This is exactly what opponents of LGBT equality have been doing since the Supreme Court's 2015 Obergefell decision made marriage equality the law of the land. They have orchestrated dozens of lawsuits like Masterpiece Cakeshop seeking to undermine our national consensus that when a business opens its doors to the public, it should be open to everyone, on the same terms. There are now at least seven more cases in the pipeline to the Supreme Court involving businesses citing religious beliefs as justification for refusing to serve same-sex couples (like the antigay florist case punted yesterday by the justices). Unfortunately, the Masterpiece decision will provide only limited guidance in resolving these cases.
And it's not just about lawsuits; opponents also are pursuing an aggressive legislative strategy to achieve their goals. Since 2015, more than 350 anti-LGBT bills have been introduced in the states to undermine LGBT rights. It's taken all the grit and power the LGBT community and its allies can muster to keep all but 17 of these bills from becoming law. Among the laws passed were seven that allow adoption agencies to discriminate against gay couples, while opening the door to discrimination against other minorities. With the uncertainties created by the Masterpiece decision, we can expect another flood of these measures when the state legislatures come back into session in 2019.
A key goal of these efforts is to sap the resources and resolve of the LGBT movement as pro-LGBT groups are forced to try and counter every proposal that pops up. In the face of this "whack-a-mole" reality, the movement for LGBT equality could likely defeat many measures sanctioning bias through intense public education and lobbying activities. But every year, some of the measures will become law, and in 10 to 15 years, the rights and dignity extended to gay and lesbian couples could be profoundly undermined in many parts of the country.
We saw this same thing happen with Roe v. Wade. Because of a nearly identical "whack-a-mole" approach, the 1973 Supreme Court ruling affirming a woman's legal right to abortion is now a hollow shell in more than two dozen states that have consistently sought to chip away at those rights. Reproductive health leaders have been working for years to try and slow the erosion of women's reproductive rights in the states.
What's a path forward for the LGBT movement? One practical way to secure marriage equality and basic civil rights protections for LGBT people over the long run is through a new federal law that extends to LGBT people the same protections from discrimination afforded to other Americans. Such a law would end the patchwork of state-based statutes that today serve to outlaw antigay discrimination in 22 states while allowing it in 28.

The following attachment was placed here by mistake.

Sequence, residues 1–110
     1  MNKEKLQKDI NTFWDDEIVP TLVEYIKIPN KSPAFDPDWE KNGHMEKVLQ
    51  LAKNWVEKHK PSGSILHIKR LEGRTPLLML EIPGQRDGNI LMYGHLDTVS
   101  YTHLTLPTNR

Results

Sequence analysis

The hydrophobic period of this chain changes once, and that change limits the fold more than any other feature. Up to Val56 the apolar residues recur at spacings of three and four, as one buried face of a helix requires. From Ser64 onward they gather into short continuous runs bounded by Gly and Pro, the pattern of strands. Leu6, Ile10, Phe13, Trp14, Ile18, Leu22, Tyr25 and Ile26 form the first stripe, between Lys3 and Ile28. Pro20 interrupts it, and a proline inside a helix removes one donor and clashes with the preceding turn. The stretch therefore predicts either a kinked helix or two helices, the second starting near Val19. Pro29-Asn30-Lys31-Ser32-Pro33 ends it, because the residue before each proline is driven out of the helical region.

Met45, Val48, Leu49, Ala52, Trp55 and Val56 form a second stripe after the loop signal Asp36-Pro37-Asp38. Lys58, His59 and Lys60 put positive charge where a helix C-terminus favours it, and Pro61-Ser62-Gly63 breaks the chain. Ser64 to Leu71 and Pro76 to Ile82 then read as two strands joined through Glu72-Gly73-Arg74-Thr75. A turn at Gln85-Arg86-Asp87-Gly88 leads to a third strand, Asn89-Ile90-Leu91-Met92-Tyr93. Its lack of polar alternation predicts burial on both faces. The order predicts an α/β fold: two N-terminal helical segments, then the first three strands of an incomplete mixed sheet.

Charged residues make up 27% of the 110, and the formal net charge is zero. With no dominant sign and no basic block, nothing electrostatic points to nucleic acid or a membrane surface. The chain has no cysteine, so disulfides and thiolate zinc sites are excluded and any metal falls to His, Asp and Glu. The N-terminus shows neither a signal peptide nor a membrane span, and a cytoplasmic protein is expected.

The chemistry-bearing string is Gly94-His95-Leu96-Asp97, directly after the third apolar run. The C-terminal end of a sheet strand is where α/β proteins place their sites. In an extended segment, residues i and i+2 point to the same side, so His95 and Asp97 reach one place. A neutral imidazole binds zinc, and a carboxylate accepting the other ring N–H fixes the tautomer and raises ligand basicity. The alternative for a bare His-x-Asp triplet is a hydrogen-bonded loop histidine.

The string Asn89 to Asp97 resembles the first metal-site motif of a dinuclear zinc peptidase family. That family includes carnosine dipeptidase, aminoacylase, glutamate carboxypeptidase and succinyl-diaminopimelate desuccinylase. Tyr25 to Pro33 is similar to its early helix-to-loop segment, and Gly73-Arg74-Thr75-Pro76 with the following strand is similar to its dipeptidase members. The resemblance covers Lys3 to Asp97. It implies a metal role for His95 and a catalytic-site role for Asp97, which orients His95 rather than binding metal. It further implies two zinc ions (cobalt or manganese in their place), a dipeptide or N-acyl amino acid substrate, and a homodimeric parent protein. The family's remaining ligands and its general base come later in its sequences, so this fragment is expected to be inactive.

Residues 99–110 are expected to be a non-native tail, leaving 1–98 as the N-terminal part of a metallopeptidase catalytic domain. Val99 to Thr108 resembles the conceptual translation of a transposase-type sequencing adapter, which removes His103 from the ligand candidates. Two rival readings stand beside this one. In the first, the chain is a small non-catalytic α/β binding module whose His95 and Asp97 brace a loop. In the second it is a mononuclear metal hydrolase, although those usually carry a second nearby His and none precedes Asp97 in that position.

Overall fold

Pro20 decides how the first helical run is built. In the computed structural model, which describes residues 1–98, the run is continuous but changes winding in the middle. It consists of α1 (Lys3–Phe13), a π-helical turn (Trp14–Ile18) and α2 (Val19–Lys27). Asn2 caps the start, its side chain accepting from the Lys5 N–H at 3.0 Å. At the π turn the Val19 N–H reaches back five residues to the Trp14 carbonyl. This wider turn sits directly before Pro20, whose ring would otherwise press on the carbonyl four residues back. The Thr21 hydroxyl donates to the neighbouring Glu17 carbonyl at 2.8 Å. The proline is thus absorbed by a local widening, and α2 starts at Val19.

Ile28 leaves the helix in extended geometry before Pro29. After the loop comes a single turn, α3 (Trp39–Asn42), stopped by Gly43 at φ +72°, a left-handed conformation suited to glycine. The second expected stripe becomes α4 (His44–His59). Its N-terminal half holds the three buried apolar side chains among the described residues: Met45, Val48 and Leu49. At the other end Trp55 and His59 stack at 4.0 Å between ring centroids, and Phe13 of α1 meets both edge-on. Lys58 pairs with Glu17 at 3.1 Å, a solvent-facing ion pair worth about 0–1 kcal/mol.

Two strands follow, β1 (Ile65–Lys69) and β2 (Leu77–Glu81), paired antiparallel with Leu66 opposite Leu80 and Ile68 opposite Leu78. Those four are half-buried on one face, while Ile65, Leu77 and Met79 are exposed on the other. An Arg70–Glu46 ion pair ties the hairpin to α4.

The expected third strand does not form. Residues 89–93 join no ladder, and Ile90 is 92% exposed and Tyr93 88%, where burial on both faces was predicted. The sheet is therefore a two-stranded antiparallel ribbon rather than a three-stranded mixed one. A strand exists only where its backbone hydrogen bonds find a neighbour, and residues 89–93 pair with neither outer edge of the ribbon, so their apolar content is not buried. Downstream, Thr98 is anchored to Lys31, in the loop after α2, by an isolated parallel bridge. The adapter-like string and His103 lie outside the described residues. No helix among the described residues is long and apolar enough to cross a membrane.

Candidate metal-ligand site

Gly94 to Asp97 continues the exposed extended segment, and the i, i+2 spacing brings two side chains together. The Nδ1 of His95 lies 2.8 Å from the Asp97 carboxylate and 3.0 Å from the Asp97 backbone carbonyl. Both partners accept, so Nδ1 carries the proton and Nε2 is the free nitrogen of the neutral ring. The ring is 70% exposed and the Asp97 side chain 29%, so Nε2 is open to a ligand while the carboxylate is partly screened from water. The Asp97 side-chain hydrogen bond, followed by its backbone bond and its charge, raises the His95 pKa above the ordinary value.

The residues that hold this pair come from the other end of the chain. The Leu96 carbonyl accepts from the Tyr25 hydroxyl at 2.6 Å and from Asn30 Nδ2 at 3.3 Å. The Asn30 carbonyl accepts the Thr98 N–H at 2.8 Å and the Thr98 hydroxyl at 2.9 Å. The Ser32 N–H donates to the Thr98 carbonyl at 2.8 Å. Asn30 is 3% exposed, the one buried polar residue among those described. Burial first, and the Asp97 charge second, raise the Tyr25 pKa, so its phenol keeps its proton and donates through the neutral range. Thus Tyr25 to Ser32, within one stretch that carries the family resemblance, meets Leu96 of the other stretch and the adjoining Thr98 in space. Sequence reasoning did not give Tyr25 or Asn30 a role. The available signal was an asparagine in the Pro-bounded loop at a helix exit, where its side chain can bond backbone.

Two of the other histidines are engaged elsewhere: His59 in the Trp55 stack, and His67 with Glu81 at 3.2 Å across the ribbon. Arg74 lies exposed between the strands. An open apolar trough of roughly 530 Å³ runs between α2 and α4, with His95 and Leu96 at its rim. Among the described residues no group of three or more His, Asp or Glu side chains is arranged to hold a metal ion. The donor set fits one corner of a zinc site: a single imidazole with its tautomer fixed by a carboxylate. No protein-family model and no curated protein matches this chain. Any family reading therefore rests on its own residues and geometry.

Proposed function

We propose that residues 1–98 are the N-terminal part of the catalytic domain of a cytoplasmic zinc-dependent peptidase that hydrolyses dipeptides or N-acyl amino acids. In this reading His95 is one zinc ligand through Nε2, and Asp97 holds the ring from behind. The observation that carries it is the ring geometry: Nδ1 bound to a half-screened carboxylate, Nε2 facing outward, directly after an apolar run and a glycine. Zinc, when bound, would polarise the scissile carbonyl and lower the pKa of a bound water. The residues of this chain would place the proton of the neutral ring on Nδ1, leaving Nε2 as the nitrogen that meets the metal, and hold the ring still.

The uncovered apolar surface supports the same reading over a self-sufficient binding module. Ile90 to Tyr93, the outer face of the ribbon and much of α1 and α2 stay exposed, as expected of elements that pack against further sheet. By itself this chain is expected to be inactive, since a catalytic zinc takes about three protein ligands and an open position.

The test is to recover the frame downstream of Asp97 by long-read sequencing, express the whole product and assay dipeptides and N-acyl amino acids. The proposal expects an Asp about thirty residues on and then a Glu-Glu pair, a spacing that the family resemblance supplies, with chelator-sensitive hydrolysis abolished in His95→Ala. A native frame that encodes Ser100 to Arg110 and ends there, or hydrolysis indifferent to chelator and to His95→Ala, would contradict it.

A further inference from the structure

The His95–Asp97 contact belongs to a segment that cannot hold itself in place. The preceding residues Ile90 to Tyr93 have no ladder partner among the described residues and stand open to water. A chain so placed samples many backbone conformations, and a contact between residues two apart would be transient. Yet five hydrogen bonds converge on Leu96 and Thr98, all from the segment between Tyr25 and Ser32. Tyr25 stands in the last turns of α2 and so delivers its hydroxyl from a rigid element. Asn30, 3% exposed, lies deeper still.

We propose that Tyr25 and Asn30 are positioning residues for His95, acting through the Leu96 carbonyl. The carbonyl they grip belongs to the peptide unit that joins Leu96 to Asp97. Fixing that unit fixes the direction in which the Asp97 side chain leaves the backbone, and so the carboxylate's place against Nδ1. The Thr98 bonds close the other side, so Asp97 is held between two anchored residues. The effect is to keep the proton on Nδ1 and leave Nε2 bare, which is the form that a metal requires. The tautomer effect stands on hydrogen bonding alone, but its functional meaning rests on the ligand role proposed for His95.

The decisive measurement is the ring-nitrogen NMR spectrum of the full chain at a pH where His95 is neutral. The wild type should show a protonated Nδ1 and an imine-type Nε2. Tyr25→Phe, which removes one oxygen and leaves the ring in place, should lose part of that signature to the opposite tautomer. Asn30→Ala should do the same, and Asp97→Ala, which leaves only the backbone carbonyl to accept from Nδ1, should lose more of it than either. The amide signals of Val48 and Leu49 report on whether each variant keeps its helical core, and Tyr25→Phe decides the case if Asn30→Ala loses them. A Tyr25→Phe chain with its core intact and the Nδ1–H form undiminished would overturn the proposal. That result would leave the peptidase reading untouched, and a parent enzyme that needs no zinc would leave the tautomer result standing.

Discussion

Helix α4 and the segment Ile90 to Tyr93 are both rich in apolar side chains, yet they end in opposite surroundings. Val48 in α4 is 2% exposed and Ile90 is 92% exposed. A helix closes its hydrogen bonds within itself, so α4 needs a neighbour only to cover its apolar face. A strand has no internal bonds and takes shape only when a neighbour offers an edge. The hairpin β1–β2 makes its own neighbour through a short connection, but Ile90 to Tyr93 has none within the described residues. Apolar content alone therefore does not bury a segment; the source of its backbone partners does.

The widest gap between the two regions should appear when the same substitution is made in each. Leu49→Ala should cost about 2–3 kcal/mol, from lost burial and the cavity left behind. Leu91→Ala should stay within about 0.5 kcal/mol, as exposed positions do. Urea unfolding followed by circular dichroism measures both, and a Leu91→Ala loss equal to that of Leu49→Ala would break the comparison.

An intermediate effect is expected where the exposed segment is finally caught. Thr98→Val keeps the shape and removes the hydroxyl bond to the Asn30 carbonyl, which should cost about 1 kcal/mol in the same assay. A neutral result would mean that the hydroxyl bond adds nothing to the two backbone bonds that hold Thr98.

In the same way that the Civil Rights Act of 1964 invalidated Jim Crow laws in nearly 20 states, the federal approach would effectively repeal many of the laws sanctioning bias that have passed in recent years. Moreover, because a nationwide act would prevent states from taking steps to limit its protections, it would also go a long way toward forestalling the adoption of discriminatory measures in the future. Finally, a federal nondiscrimination law would constrain the ability of the executive branch to use executive orders and agency rules to permit anti-LGBT bias, something that is happening with great frequency under the current administration.
Of course, working for federal legislation does not mean walking away from the state-based challenges. During the marriage equality fight and in the years since then, we saw time and time again the power of standing up to the forces of intolerance and working resolutely to change hearts and minds. Measures that seemed like slam dunks for anti-LGBT forces -- overly broad policies wrapped in "religious liberty" and "bathroom bills"--have backfired.
Whether at the local, state or national level, the challenge for supporters of LGBT equality is to help people see and understand that anti-LGBT discrimination remains a real-life barrier to equality and opportunity for LGBT people everywhere. Let's make sure our neighbors, family members, and policymakers understand the truth and the impact of anti-LGBT bias, not yesterday but right now. Yes, even today, 25 percent of LGBT people say they have experienced discrimination in the past year because of their sexual orientation or gender identity. More than 70 percent of LGBT youth ages 13 to 17 report feelings of worthlessness and hopelessness in the past week.
In addition to raising awareness and understanding about the problem, we have to make the case that a federal law is the only way to address it in a decisive way. Such a law also would curtail years and years of trench warfare between supporters and opponents of LGBT equality.
As a nation, we came to the realization more than 50 years ago that if we left it up to individual states, all Americans would never be protected from discrimination because of their race, religion, ethnicity, and national origin. Today, that is the same reality for LGBT people. It is time -- long past time, in fact -- for the nation to take a stand. What can we do? Two ways to take action are to get in touch with your statewide equality group and join the Open to All campaign.
Yes, the Masterpiece Cakeshop decision will mean more struggle for the LGBT movement, but let's turn this uncertain moment into something positive: a federal response to anti-LGBT bias. Once and for all.
MATT FOREMAN is senior program director of gay and lesbian rights at the Evelyn and Walter Haas, Jr. Fund, overseeing the fund's extensive support for the drive for equal rights and opportunities for LGBT people.